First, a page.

Most importantly, use the gym and enjoy it! There are so many interesting classes and ways to workout, fitness never loses it's luster!

{Adapted from Woman's Day}

Etiquette of Eating: What about the Knife?

I've heard that many a spy had their cover blown while living in a foreign country by simply switching their knife to the opposite hand.  The reason this matters? The practice was not customary in the country in which they were inhabiting.  To prevent this, spies were educated in the etiquette of the country to which they would live, while performing their duties of espianage. While I'm in no danger of committing a culinary offense that would bring me any legal ramifications, I  wanted to ensure that I wasn't committing any eating etiquette punishable by dirty stares either! The Continental Method:

Applicable in England and throughout European Countries, the Continental Method (or European Method) has the fork in the users left hand and the knife in the right throughout the entire meal.  Push the tines of the fork into the food, while using the left hand to make a gentle sawing motion across the food.  It is not acceptable to violently chop or wildly saw the food, most especially with a closed fist!

After cutting the food, the fork remains in the left hand and is used to put the cut food in the mouth.  The knife remains in the right hand while eating.  There is no passing of the fork from hand to hand and the tines of the fork are facing down. (Reverse hand placement if left-handed)

The American Method:

The American Method (or Zig Zap Method) is seen as inappropriate most anywhere outside of the United States, although it starts off as similar to the Continental Method.  The fork is in the consumers left hand with the knife in the right hand.  While pressing the tines of the fork into the food, the knife is used to gently cut the food.  After each piece is cut, the knife is placed across the outer most right-hand side of the plate, cutting edge facing the food.  The fork is then changed from the left hand to the right hand, and is used to bring the food to the diners mouth. (Again, reverse hand placement if left-handed)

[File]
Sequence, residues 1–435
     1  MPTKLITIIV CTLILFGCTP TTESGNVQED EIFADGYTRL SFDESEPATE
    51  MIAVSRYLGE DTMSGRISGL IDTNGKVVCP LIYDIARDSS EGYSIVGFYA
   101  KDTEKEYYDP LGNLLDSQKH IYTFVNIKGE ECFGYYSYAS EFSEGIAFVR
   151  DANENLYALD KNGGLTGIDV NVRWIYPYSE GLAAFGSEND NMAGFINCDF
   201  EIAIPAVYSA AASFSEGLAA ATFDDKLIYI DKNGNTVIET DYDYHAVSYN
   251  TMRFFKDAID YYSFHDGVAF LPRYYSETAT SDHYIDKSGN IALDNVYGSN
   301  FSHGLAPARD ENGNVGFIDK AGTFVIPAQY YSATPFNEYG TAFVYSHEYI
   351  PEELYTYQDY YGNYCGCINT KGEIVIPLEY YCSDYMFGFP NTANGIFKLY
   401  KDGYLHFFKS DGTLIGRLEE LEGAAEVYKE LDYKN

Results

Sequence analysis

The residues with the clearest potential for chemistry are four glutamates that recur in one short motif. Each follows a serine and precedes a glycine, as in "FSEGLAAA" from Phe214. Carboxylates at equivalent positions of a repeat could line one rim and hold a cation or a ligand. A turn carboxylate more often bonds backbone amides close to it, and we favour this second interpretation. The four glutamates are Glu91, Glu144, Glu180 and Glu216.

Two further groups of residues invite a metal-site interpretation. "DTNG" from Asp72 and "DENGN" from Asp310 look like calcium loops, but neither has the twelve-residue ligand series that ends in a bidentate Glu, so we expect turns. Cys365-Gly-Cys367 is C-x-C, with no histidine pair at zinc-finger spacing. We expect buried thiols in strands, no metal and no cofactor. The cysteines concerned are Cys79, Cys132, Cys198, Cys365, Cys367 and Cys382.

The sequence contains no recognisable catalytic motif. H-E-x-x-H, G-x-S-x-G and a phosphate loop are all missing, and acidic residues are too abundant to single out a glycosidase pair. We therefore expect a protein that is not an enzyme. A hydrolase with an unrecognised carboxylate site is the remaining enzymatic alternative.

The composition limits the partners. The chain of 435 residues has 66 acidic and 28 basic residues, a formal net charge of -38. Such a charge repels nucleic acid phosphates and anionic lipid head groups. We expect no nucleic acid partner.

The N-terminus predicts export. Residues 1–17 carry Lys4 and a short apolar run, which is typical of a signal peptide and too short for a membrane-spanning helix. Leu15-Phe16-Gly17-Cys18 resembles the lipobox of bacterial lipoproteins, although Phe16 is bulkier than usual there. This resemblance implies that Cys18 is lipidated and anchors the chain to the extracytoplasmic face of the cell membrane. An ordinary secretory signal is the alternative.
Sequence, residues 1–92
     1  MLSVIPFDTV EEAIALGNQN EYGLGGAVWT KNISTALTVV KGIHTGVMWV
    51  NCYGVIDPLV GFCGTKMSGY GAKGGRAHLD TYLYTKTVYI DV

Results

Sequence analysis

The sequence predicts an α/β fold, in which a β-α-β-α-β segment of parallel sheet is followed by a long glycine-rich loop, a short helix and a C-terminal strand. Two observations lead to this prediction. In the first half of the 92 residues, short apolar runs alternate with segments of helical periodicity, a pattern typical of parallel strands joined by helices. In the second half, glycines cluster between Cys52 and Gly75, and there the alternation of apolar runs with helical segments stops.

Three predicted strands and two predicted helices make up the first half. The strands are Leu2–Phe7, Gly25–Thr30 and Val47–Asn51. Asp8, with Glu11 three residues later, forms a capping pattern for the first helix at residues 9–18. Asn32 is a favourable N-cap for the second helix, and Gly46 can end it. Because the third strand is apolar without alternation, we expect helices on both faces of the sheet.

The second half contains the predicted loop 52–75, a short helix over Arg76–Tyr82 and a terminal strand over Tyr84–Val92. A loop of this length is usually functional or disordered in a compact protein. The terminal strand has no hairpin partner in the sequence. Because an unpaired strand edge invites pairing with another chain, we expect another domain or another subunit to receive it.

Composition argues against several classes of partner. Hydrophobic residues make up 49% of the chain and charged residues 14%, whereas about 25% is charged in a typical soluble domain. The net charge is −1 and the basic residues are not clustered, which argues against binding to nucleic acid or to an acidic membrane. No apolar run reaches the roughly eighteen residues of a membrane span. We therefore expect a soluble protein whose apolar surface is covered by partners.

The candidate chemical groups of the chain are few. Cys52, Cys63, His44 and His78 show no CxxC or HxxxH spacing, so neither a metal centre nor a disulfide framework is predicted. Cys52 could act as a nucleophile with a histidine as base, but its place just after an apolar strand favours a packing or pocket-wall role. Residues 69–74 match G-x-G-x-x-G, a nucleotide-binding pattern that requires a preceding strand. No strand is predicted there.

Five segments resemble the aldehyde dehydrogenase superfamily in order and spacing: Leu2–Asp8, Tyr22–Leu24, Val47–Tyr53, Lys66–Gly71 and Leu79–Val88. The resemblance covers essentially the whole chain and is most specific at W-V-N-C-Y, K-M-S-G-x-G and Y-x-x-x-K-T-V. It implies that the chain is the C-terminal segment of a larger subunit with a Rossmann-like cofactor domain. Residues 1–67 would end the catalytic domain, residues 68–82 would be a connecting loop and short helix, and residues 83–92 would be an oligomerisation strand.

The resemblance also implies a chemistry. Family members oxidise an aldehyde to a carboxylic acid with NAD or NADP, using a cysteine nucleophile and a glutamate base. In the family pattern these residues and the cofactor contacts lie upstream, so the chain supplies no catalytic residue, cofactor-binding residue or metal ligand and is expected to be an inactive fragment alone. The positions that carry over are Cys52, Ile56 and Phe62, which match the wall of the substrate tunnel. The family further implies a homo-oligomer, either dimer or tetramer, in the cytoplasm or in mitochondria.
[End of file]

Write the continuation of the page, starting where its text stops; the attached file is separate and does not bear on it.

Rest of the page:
Origination of the Difference:

The American Method was the standard way of eating in France and England until 1732, when a nobleman in King Louis XV's court made the decision that noblemen should eat differently than the townspeople.  Hence, the Continental style of eating was born and used by the noblemen. When America was settled in the 1700's, the settlers wanted nothing to do with the ways of the King and continued the practice of eating the way in which they originally learned, the American Method.

Similarities:

In both methods, the tines are pointing down towards the food and the utencels should never be placed in a vice grip, with a wholly closed fist.  Rather, its best to the handle of the fork running alongside the palm of your hand, with the pointer finger and thumb gripping and guiding the fork.  The same handling goes for the knife. Even if eating meat, which has surely been appropriately handled and cooked before reaching your plate,  there is no need to stab your food in a hawkish manner. Please!